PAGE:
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ANTENTOP- 03- 2003, # 004

Current Distribution in the A.L.C.


By Yuri Blanarovich, K3BU, VE3BMV, VE1BY



A recent article on by Alan Applegate, K0BG "In Search of 'The Perfect Mobile Antenna'" on Aug. 5, 2003 and posted comments, created some controversy and heated exchange between myself and the "well respected engineer" (according to Aaron, NN6O) Tom Rauch, W8JI. This article had some flaws and was far from approaching "perfect" mobile antenna. To which W8JI stated:


"By using a flawed and seriously over-simplified model, the results are totally misleading when applied to conventional antennas. Repeating misleading information in article after article does NOT make it correct. It certainly does not make our community more skilled or better informed about how things work."


"While I appreciate all your (K0BG) efforts, it is important that readers and writers fully understand why and how something works before reaching conclusions. Otherwise this all just wastes bandwidth, and people learn incorrect information. The goal of E-Ham and Internet should be to INCREASE technical skills through mass peer review and learning, not to repeat misinformation. "

In view of the above and in order to "INCREASE technical skills through mass peer review and learning"  I have summarized in my posting the most important items contributing to high efficiency of mobile or shortened antennas. W8JI commented that I was  wrong about the current distribution in the antenna loading coils, where I stated:

"4. Loading coils. Should be mounted as high as possible in the antenna mast to increase the current radiating portion of the whip. Wire or tubing should be rated to carry the power without melting the coil. Q of the coil is not that important, coil in this situation is the part of the radiating element, most of the current is at the base of the coil and surprisingly Q or form factor is not THAT important as measured and verified experimentally by W9UCW. Loading coils at the base or autotuners are the worst. Bugcatchers, single coils with no shorting, spider mounts for multiple coils are very efficient."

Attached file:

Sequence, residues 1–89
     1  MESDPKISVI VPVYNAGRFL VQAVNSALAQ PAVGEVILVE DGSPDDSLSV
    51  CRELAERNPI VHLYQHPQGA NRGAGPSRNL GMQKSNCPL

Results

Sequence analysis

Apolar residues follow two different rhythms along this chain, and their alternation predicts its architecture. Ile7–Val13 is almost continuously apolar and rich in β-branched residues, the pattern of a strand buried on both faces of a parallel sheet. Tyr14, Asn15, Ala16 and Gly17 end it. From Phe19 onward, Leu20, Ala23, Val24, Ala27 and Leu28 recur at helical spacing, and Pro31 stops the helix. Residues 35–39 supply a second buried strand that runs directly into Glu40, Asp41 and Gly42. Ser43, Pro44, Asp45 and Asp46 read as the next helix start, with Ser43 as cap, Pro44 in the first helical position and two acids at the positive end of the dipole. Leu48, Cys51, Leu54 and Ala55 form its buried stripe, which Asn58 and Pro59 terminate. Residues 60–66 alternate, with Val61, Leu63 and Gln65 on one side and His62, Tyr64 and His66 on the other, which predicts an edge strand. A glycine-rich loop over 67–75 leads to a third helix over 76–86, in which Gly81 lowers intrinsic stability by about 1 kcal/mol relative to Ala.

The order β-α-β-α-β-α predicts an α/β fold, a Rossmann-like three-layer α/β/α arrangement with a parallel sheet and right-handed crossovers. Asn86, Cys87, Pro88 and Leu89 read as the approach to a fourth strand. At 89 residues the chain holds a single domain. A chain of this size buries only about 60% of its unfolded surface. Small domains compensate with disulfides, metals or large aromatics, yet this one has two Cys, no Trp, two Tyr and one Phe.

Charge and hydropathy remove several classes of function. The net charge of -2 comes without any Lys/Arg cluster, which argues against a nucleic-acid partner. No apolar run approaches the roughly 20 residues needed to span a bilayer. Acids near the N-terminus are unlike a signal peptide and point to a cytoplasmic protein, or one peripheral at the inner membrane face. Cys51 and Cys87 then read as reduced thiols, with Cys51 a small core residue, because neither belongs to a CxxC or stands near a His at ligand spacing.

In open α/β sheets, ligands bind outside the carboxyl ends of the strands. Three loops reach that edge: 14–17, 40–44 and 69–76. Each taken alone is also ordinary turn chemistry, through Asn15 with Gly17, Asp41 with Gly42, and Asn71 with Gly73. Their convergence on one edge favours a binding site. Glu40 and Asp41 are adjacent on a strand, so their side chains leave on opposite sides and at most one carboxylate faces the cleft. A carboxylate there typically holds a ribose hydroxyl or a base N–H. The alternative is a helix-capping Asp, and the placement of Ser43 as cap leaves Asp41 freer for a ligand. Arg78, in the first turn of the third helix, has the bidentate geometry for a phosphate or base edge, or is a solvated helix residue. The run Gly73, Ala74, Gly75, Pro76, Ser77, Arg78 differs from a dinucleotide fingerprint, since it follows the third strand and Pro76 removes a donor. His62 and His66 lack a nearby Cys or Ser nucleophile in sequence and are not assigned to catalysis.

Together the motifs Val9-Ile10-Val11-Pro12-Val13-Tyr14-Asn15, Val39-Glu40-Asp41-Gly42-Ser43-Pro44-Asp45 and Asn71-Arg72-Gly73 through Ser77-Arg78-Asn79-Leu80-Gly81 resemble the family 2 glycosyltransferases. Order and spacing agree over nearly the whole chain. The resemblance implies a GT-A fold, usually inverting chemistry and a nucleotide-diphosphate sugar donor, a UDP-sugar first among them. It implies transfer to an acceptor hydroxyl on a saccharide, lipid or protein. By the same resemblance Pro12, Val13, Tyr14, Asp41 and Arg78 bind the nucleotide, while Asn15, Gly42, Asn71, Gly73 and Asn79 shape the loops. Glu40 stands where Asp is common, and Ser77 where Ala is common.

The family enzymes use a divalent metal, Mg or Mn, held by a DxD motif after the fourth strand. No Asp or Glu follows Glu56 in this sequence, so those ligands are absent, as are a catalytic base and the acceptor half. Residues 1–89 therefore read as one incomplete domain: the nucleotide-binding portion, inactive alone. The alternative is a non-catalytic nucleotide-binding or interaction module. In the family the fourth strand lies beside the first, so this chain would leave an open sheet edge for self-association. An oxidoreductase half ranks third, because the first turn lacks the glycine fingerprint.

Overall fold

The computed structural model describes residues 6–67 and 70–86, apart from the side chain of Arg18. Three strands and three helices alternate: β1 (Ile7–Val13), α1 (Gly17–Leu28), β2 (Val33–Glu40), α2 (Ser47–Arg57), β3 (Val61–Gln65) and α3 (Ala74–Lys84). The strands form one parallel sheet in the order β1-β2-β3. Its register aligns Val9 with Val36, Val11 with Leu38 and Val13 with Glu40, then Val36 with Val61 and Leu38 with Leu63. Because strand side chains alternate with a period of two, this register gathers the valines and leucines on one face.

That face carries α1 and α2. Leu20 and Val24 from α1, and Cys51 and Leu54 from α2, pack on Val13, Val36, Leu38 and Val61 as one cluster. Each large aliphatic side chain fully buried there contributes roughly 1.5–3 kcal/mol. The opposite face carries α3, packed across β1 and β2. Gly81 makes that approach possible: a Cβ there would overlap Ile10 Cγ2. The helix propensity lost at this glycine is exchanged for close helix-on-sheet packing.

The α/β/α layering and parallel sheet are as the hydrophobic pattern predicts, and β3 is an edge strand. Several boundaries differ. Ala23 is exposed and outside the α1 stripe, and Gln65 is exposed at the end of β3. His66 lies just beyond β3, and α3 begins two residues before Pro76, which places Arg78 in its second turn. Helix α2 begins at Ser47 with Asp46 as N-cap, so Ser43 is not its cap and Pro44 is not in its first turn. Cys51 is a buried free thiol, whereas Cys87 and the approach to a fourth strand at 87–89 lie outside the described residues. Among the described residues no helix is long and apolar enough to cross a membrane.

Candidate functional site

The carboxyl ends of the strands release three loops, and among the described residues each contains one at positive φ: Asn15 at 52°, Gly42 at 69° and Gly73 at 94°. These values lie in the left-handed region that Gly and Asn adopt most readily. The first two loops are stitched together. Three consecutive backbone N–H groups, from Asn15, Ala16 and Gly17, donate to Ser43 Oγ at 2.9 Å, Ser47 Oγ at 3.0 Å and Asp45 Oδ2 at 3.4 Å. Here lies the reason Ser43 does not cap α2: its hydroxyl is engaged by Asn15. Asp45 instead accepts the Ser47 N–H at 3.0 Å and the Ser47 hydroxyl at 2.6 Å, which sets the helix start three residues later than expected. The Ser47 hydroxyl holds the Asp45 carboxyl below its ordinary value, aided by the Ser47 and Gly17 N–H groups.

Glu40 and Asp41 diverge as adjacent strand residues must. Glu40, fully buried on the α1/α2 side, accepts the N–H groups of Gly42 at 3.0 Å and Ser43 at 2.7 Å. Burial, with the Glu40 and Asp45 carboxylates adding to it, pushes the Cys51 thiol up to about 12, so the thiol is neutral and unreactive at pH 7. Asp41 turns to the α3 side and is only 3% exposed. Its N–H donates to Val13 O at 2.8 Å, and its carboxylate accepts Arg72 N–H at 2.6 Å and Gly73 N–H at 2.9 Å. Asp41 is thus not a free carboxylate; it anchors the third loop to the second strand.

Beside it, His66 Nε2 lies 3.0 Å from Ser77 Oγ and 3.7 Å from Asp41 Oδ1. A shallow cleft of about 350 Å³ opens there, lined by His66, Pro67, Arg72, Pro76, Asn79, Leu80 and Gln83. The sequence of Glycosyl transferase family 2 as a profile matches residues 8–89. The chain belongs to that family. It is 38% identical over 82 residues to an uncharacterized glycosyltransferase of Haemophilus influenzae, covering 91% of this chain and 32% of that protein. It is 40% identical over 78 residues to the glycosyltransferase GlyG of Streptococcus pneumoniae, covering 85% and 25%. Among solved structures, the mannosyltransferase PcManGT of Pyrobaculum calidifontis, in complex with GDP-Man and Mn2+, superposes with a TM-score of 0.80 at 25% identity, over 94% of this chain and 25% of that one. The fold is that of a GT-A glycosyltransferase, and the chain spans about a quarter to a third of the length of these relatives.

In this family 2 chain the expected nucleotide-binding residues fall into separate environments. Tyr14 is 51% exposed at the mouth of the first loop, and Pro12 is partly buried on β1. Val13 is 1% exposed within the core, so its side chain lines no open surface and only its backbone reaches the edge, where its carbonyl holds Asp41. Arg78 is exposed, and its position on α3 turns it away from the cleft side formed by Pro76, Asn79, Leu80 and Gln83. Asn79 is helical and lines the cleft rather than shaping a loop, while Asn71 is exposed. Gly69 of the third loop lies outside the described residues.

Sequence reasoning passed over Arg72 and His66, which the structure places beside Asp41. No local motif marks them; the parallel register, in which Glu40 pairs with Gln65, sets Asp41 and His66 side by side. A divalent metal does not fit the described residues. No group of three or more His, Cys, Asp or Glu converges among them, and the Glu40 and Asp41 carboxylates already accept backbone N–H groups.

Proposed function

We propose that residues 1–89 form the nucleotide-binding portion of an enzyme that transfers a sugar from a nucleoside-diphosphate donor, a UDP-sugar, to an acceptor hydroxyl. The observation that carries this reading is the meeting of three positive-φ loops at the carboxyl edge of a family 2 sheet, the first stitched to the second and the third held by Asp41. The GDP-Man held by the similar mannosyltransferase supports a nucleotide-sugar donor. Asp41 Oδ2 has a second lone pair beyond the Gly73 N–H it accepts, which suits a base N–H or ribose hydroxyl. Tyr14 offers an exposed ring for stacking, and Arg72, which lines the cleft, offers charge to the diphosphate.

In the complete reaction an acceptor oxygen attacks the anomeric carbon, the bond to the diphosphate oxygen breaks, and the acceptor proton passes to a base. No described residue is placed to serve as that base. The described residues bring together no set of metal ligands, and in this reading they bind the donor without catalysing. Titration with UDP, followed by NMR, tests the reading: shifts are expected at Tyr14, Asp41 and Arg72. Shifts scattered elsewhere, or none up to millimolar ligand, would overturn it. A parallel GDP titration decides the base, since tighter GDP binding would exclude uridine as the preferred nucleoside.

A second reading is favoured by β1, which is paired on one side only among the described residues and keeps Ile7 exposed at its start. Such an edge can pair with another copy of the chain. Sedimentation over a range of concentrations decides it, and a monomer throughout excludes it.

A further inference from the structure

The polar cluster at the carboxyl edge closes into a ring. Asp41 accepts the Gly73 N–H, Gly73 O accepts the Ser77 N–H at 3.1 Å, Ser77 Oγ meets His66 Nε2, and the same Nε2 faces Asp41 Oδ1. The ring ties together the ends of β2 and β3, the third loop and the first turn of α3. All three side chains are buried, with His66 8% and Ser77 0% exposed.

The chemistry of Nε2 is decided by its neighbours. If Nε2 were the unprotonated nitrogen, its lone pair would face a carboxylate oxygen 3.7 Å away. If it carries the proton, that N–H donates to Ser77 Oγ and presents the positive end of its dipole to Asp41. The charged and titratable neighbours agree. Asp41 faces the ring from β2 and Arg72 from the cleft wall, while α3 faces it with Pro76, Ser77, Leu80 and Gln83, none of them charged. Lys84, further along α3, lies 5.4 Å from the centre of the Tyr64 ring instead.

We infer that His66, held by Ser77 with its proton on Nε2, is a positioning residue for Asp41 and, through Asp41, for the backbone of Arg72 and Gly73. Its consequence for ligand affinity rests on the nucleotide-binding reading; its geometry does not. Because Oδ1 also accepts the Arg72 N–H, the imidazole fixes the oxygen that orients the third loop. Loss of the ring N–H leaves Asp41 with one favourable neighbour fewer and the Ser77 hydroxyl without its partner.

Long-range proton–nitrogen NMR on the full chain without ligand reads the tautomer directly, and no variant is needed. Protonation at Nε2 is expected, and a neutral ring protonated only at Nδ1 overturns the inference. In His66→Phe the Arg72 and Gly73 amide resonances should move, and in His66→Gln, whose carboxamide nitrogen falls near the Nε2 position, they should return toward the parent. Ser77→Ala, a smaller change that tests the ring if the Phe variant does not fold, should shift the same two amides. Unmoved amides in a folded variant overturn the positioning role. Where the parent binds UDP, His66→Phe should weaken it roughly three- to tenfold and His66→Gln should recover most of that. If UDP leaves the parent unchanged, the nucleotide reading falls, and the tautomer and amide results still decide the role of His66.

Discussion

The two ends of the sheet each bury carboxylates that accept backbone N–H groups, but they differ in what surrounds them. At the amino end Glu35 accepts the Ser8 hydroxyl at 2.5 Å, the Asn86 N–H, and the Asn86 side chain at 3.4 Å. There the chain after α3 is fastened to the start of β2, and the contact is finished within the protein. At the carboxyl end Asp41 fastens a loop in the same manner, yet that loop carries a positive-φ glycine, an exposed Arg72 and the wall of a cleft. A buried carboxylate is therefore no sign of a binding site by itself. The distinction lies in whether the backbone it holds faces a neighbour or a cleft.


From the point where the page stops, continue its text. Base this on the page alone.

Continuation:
To which W8JI replied:

"The idea current is high in only the start of a coil is not correct.
Model an antenna with EZnec, and look at the load. Model a coil in any software, and look at current. Read any textbook, even beginner's textbooks, and see what they say. Measure a real antenna yourself!

 You are like to call names, insult people, and argue rather than take the time to learn basic electronics. This is in any book, including the ARRL Handbook. If you look at HOW an inductor works, the current flowing in one terminal ALWAYS equals the current flowing out the other terminal. "

(The rest of the exchange can be seen at following the K0BG article at

This was quite an accusation and a challenge to reality and my knowledge. This was not the first time that W8JI "challenged" me and was proved wrong. Knowing what was the reality (uneven current distribution, coil gets hotter at the bottom) and what Barry Boothe, W9UCW measured, I was curious what was the source of W8JI misinformation. I ordered 19th edition of ARRL Antenna Book and followed chain of references that led to information on page 16-7 and Fig. 9 and 10. (see page 53)

Looking at those two pictures, we can see that the current across the radiator was "linearized" to be a nice straight line instead of actual cosine curve. Also, Fig. 10 is missing the important cross-hatched area, the current across the coil is shown as a "nice" linear current over h2 and coil apparently has zero physical length. This passage in the Antenna Book is written by Bruce Brown, W6TWW "Optimum Design of Short Coil-Loaded High-Frequency Mobile Antennas" first published in ARRL Antenna Compendium, Volume 1, page 108.


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